Ewing sarcoma is the second most common bone and soft tissue malignancy in children and adolescents. The five-year survival of Ewing sarcoma patients is 70%, and falls to less than 20% for those with metastatic disease, a situation that has not improved despite many years of increasingly intensive chemotherapy regimens. Survivors of Ewing sarcoma often suffer long-term deleterious effects of treatment. An immediate need exists for the development of effective, targeted therapies with decreased toxicity. Molecularly, Ewing sarcoma is characterized by one of several reciprocal chromosomal translocations that fuse a FET family protein with an ETS transcription factor, the most common of which is EWSR1-FLI1. The EWSR1-FLI1 fusion protein is completely specific to Ewing sarcoma tumor cells, and thus presents an ideal target for novel therapeutics. To date, however, no such targeted therapy has become clinically available, owing to 4 major knowledge gaps. First, there is a dearth of robust in vitro model systems for functional studies of EWSR1-FLI1. Knockdown studies in Ewing sarcoma cell lines can give inconsistent results, and few primary cell types tolerate exogenous EWSR1-FLI1 expression. Second, the protein encoded by the EWSR1-FLI1 fusion is a transcription factor, and there is widespread perception that such proteins are ?undruggable?. Third, lead candidates of small-molecule screens reported to date have either not been shown to have a mechanistic link to EWSR1-FLI1, or fail to replicate the phenotype of Ewing sarcoma cells depleted of EWSR1-FLI1 activity. Fourth, the field has lacked relevant animal models for functional genomics and preclinical testing. Developing targeted therapy for Ewing sarcoma will require an integrated approach executed by an experienced team. Our strategy is based on several fundamentals, namely 1) systems to specifically deplete and reconstitute the EWSR1-FLI1 protein in cells; 2) an understanding of the structural biochemistry of low-complexity (LC) domains found in EWSR1 and related proteins; and 3) novel in vivo models of Ewing sarcoma for functional genomics and drug testing. Standing on this foundation, we will perform biochemical and genetic experiments to identify the binding partners and functional effectors of EWSR1-FLI1 and dissect its mechanisms of transcriptional activation. We will use our experimental systems to conduct phenotypic and target-based high- throughput screens. Finally, we are well-positioned to perform the work required to transform a compound with promising initial activity into a preclinical drug lead. Our approach to drug discovery is built upon medicinal chemistry coupled with secondary assays that maximize potency and specificity of lead compounds. We will perform target identification for lead compounds using strategies our team has successfully used for several agents currently in active preclinical development. A dedicated preclinical pharmacology core, highly integrated with the projects and with the high throughput screening core and medicinal chemistry core, will ensure optimization of delivery, PK/PD and toxicity properties of the most promising lead compounds.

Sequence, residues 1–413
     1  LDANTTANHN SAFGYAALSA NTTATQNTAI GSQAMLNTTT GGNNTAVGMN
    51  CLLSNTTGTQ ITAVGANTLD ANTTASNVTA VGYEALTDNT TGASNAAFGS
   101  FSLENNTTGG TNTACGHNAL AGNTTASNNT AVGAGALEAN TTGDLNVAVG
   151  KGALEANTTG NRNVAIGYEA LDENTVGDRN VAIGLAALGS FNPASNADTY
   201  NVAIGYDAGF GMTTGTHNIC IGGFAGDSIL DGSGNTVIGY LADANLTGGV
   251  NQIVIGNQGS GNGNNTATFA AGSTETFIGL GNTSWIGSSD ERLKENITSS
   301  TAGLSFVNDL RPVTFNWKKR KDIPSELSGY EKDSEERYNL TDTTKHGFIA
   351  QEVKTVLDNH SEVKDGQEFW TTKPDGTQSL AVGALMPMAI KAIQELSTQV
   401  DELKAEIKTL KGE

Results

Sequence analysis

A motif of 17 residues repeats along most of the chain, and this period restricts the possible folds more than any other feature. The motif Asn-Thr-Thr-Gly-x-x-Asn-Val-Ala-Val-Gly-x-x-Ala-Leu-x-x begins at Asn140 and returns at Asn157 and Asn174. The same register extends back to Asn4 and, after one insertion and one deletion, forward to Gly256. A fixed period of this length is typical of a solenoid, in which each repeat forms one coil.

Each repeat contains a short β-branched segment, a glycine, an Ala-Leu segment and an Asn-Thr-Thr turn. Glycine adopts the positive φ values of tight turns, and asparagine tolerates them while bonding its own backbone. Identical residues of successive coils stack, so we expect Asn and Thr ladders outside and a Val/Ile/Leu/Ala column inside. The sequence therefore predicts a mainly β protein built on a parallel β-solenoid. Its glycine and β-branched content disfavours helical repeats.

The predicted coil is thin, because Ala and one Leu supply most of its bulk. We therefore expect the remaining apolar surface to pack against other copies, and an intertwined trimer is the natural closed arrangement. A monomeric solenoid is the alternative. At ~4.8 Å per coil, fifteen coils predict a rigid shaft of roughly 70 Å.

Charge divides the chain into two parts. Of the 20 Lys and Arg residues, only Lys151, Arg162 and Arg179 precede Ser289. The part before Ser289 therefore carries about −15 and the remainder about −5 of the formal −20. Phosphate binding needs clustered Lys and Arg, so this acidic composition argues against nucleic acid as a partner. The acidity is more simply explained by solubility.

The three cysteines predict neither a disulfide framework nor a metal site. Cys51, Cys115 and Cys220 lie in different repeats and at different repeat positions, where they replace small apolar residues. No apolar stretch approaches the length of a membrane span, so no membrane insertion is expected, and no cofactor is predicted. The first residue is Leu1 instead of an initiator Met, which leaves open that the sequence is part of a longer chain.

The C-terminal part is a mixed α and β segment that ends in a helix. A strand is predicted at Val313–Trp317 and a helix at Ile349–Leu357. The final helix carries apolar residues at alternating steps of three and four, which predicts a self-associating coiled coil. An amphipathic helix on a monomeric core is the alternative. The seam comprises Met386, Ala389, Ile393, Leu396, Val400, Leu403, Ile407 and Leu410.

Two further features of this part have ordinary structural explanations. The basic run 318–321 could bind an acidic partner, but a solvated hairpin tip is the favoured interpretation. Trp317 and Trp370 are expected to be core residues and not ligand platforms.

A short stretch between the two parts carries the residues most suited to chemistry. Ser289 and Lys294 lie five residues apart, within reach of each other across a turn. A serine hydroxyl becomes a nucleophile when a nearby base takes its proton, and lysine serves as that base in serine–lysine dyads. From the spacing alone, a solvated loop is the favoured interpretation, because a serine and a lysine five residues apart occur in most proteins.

Ewing sarcoma is a cancer of the bone and soft tissues that occurs in children, adolescents and young adults. The cause of the disease was discovered to be an abnormal cellular protein called EWSR1-FLI1, but no treatment has been devised to specifically target EWSR1-FLI1 in tumor cells. Our U54 FusONC2 Ewing sarcoma research center is a collaboration of oncologists, biochemists, cancer biologists and chemists united around the goal of targeting EWSR1-FLI1 activity to improve care for children with Ewing sarcoma.